Errant, not transparent: Docs reveal Obama admin. tried to ‘kill transparency’ – advocacy group
The non-profit Freedom of the Press Foundation sued the Department of Justice (DOJ) for documents detailing its correspondence with Congress regarding the reform of the Freedom of Information Act (FOIA) that failed to pass Congress last year despite strong support from legislators. The lawsuit itself was filed in compliance with the FOIA, a law enacted to improve openness in government.
In 2014, the FOIA Oversight and Implementation Act (FOIA Act) sought to make receiving information faster and easier. The FOIA Act breezed through the House of Representatives with unanimous support, and a similar bill, The Freedom of Information Improvements Act, was passed by the Senate. However, the legislation failed in Congress after members failed to reconcile the differences between the two bills.
With both bills receiving bipartisan support, it seemed odd for them to die on the vine. The Senate version was modeled after the DOJ’s own policy of transparency set in 2009 by a memo from Attorney General Eric Holder.
“[T]he Department of Justice will defend a denial of a FOIA request only if (1) the agency reasonably foresees that disclosure would harm an interest protected by one of the statutory exemptions, or (2) disclosure is prohibited by law,” the 2009 Holder memo read.
However, the Freedom of the Press Foundation published a memo from the DOJ showing that it had lobbied against almost all aspects of the bills – despite the fact that its own guidelines were the basis for one. The DOJ, speaking on behalf of the entire Obama administration, wrote “The Administration strongly opposes passage of [the FOIA Act].”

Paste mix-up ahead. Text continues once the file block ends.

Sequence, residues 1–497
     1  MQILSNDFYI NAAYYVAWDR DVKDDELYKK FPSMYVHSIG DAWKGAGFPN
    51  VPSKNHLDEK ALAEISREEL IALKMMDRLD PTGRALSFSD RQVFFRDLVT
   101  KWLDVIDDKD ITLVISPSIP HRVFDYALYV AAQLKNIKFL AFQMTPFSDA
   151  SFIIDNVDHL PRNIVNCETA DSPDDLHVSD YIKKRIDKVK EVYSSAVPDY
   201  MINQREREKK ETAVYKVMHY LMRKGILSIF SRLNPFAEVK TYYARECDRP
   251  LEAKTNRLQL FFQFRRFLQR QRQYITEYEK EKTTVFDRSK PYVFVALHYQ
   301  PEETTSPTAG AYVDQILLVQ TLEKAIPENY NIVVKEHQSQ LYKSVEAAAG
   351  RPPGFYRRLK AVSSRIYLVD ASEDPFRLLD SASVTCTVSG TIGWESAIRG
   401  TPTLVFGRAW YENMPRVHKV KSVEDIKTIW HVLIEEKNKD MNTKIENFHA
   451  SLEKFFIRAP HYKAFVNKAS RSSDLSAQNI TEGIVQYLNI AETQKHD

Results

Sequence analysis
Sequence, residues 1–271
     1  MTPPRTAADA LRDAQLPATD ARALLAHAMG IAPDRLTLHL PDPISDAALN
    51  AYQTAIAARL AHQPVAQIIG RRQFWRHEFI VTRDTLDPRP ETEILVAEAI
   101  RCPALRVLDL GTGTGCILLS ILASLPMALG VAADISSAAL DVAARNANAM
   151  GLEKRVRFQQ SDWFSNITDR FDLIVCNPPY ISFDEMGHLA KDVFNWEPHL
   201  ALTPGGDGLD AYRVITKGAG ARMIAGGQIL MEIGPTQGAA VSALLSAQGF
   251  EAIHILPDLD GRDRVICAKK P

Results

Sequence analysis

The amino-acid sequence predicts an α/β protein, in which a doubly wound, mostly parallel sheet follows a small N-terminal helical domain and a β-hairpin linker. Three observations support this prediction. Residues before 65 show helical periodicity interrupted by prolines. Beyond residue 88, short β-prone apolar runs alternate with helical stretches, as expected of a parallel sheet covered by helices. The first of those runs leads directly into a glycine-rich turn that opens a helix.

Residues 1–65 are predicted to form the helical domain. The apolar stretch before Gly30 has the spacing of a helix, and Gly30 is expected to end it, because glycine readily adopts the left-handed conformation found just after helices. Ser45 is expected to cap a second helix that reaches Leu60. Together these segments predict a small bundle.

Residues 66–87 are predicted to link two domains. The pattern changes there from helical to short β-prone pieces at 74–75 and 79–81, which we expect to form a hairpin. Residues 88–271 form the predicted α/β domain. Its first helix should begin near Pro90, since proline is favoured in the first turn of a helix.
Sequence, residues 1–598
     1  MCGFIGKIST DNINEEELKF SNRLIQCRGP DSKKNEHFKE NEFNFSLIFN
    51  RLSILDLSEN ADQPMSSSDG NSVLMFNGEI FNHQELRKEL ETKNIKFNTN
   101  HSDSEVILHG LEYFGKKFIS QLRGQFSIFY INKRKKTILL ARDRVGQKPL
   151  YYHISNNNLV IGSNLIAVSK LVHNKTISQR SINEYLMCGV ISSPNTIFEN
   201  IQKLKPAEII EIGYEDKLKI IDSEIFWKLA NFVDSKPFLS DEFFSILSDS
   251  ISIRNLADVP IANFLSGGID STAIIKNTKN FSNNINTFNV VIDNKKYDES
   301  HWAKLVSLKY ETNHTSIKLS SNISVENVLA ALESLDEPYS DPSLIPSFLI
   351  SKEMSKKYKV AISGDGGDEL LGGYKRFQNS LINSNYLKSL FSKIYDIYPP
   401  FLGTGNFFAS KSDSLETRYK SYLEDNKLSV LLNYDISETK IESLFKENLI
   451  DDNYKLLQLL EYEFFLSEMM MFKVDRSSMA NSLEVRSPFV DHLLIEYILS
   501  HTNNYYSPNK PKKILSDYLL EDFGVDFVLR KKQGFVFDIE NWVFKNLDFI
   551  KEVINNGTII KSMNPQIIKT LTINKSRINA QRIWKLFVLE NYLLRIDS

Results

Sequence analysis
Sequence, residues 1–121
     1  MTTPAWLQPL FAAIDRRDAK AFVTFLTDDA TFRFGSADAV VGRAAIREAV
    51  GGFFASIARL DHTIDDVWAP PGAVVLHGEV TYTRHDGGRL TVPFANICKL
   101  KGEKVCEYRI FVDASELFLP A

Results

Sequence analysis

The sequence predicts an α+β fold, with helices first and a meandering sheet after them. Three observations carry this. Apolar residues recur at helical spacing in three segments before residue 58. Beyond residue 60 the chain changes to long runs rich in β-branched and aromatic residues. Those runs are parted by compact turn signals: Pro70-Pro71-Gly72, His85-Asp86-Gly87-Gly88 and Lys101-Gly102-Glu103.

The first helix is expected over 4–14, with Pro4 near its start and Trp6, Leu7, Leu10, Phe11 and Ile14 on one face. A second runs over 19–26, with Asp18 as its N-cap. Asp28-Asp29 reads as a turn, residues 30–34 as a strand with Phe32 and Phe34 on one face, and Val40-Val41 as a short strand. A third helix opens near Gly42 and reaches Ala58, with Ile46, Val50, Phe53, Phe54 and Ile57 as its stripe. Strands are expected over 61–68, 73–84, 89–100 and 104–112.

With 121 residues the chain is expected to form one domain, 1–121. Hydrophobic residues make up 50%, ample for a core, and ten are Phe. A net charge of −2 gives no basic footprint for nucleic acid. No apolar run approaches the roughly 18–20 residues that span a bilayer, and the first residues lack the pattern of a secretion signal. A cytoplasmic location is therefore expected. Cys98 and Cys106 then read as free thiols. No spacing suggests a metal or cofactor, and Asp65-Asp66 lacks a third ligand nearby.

Specifically, the DOJ’s talking points against similar provisions in the FOIA reform bills run counter to the part of Holder’s 2009 memo stating that when “disclosure would [do] harm,” the DOJ would defend its decision to deny a FOIA request in court.
In the 2014 memo from the DOJ, the first major concern surrounds “foreseeable harm,” but the concern this time was that the language had been included in the legislation at all, because it opened up the DOJ to more potential lawsuits, in which the “forseeable harm” case would have to be made to a judge.
“This addition would vastly increase FOIA litigation and would undermine the policy behind each of the existing exemptions,” the 2014 memo read.
Ironically, this memo was only released following three months of lawsuits from the Freedom of the Press Foundation.
The 2014 memo goes on to say that including foreseeable harm would “require judges to determine, on a document-by-document basis, whether disclosure of a record protected by an exemption would cause ‘identifiable harm,’” meaning, a judge would determine whether or not the administration’s claims of foreseeable harm were true – much like what a judge does in any other case.
Efforts to expedite requests through a singular website were also met with resistance from the DOJ, despite the fact that “the Administration believes that it is beneficial to study the feasibility of establishing a single website for the making of FOIA requests… and has already committed to doing so.”
Despite the administration’s stated intention to create such a site, the memo concluded that it “would be counterproductive to mandate establishment of a pilot program, with required participation by multiple agencies.”
Obama started off his presidency by instructing all federal agencies to operate under the “presumption of openness,” but five years later, his administration lobbied to keep the public in the dark.